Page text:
EGU General Assembly 2023
© Author(s) 2023. This work is distributed under
the Creative Commons Attribution 4.0 License.

Quantifying massive cascading sediment transport triggered by a cliff fall in a highly-active alpine basin.

Natalie Barbosa1,2, Johannes Leinauer2, Juilson Jubanski3, Michael Dietze4,5, Ulrich Münzer6, Florian Siegert1,3, and Michael Krautblatter2
Natalie Barbosa et al.
  • 1Department of Earth and Environmental Sciences, Faculty of Earth Sciences, GeoBio Center, Ludwig-Maximilians-University, Munich, Germany (
  • 2Chair of Landslide Research, Technical University of Munich, Munich, Germany
  • 33D RealityMaps GmbH, Munich, Germany
  • 4Faculty of Geosciences and Geography, Georg-August-Universität Göttingen, Göttingen, Germany
  • 5GFZ German Research Centre for Geosciences, Potsdam, Germany
  • 6Department of Earth and Environmental Sciences, Section Geology, Ludwig-Maximilians-University, Munich, Germany.

In the coming decades with enhanced rainstorm activity, massive sediment redistribution in Alpine catchments will be a key hazard and challenge in Alpine communities. While several studies have collected data from massive rock slope failures, few studies have quantitatively assessed the cascading sediment redistribution in highly active alpine catchments. Recurrence intervals for cliffs falls are estimated at 80 years (Krautblatter et al., 2012 ), thus, observations of the subsequent sediment cascading are limited or inexistent despite their major role in landscape evolution and sediment fluxes. Digital aerial photogrammetry acquired by governmental agencies is becoming a relevant tool to better understand short landscape response to climate change. Repetitive yearly to bi-yearly orthophotos and DSM extracted from large format aerial surveys represent a valuable monitoring tool at regional scale because of their wide extent coverage (km) at a high spatial resolution (20 cm).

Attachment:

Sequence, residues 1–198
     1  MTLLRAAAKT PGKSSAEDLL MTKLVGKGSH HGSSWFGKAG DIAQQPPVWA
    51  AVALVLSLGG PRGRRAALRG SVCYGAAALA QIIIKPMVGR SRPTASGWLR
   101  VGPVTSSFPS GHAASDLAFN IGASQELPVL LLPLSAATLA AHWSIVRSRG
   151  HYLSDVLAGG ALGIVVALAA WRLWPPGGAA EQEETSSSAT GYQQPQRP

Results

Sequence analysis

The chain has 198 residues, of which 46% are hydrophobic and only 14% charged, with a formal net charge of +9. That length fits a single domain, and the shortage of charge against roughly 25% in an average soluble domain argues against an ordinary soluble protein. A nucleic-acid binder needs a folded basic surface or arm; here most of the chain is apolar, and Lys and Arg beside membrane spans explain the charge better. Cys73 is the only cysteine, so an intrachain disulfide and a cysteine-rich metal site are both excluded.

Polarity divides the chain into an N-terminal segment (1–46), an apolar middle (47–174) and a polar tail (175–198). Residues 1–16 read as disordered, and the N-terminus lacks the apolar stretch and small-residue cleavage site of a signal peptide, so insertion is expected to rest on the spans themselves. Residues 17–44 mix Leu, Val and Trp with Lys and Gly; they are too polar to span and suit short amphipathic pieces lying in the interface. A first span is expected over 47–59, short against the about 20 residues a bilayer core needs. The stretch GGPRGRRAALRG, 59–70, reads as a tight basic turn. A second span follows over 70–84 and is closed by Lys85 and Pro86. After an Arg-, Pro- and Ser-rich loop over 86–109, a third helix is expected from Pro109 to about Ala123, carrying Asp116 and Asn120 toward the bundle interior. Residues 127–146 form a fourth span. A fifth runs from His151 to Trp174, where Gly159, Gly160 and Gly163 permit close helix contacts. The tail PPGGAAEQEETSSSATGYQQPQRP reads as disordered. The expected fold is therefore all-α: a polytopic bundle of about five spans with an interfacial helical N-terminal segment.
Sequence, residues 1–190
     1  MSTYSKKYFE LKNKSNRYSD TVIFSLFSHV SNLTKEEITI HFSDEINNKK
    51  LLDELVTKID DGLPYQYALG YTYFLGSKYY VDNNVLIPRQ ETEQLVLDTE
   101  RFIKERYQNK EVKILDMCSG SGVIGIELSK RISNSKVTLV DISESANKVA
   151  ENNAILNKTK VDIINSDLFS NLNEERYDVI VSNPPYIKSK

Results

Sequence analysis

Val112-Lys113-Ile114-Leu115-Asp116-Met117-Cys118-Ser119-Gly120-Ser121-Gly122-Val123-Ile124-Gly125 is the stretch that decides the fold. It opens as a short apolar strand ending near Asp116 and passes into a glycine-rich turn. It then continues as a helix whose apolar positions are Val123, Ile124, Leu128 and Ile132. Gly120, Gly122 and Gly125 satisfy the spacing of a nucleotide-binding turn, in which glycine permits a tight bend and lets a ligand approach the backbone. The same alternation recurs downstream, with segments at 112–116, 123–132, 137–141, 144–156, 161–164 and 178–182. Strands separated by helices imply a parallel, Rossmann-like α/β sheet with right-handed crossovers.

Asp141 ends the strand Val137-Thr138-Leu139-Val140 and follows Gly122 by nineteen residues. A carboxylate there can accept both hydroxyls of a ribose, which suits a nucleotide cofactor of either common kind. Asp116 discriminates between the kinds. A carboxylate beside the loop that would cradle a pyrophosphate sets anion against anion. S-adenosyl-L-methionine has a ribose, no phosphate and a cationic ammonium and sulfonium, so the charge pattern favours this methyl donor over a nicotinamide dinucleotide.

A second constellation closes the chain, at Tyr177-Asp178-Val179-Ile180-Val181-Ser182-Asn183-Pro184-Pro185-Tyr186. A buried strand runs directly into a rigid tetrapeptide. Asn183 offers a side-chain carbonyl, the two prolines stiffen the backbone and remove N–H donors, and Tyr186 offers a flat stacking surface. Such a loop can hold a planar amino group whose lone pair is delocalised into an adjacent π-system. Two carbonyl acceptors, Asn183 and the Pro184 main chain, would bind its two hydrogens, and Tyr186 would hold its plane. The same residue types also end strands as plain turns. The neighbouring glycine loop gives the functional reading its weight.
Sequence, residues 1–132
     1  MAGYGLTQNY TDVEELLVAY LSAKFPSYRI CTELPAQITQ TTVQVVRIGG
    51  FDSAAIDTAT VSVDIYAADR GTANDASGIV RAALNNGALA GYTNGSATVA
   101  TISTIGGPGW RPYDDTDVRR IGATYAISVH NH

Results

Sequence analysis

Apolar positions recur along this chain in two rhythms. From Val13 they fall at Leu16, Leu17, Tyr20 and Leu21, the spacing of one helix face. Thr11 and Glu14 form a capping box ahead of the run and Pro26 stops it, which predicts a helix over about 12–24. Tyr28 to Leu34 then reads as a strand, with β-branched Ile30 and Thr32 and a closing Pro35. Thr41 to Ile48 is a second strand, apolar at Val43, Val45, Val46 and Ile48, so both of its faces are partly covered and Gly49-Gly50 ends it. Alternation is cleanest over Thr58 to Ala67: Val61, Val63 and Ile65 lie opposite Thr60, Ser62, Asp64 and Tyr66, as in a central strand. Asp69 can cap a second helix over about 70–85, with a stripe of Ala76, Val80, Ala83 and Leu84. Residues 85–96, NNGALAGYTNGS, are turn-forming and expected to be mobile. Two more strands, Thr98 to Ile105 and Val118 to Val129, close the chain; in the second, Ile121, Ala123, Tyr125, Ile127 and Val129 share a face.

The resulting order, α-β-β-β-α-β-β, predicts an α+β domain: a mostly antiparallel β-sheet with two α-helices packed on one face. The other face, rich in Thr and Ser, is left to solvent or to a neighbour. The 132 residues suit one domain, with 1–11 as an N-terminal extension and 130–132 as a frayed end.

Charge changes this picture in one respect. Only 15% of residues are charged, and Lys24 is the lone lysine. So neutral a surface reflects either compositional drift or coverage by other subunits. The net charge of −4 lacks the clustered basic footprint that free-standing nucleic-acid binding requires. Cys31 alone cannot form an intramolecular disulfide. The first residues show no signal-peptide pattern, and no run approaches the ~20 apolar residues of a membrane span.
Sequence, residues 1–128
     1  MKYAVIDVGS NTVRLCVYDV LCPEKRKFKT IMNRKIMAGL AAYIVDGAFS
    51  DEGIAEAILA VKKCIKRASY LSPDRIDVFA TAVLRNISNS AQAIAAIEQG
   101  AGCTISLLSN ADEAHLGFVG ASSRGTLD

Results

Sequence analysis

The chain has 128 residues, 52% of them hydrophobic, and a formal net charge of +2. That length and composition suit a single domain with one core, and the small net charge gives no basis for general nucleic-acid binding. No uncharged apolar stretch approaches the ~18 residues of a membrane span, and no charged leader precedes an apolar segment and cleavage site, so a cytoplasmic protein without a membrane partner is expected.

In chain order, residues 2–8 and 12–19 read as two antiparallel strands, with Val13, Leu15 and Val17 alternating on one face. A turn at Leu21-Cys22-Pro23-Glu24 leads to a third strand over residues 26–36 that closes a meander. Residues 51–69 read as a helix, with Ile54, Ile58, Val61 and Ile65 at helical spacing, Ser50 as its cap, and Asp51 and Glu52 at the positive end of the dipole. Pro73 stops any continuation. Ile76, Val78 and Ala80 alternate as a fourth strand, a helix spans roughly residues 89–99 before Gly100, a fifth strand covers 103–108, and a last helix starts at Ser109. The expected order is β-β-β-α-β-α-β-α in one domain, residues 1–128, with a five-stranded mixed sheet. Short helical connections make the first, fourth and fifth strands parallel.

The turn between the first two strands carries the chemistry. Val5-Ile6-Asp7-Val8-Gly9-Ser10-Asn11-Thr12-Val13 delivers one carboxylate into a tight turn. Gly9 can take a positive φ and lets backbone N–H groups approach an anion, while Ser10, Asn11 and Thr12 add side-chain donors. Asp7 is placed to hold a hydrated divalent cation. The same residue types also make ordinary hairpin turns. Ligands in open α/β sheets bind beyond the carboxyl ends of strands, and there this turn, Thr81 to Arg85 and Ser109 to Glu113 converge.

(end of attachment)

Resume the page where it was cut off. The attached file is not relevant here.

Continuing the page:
This contribution reports the massive sediment redistribution that has been triggered by the multistage failure of >200.000 m³ from the Hochvogel dolomite peak during the summer of 2016. Seven true orthophotos and high-resolution aerial photogrammetric digital surface models (DSM) between 2010 and 2020 were 3D coregistered to a reference system for optimized volume calculation in steep terrain. Three consecutive differential DSMs (2010-2012, 2012-2014, 2014-2015) describe the catchment morphodynamics before the cliff fall, while, the subsequent differential DSMs (2015-2017, 2017-2018, 2018-2020) describe the morphodynamics one year, two years and four years after the cliff fall. Spectrograms from surrounding seismic stations expand the understanding of the cliff fall timing. We observe the decadal throughput of >200.000 m³ of sediment with massive sediments pulses that (i) respond with reaction times of 0-4 years and relaxation times beyond 10 years, (ii) with faster 0-2 years response times in the upper catchment (A&B) and >>2 years response times in the lower catchments, (iii) the inversion of sedimentary (>10²-10³ mm/a) to massive erosive regimes (>10² mm/a) within single years and vice versa and the (iv) dependency of redistribution to rainstorm frequency and intensities.


Krautblatter, M., Moser, M., Schrott, L., Wolf, J., Morche, D., 2012. Significance of rockfall magnitude and carbonate dissolution for rock slope erosion and geomorphic work on Alpine limestone cliffs (Reintal, German Alps). Geomorphology 167, 21–34.

How to cite: Barbosa, N., Leinauer, J., Jubanski, J., Dietze, M., Münzer, U., Siegert, F., and Krautblatter, M.: Quantifying massive cascading sediment transport triggered by a cliff fall in a highly-active alpine basin., EGU General Assembly 2023, Vienna, Austria, 24–28 Apr 2023, EGU23-13129,, 2023.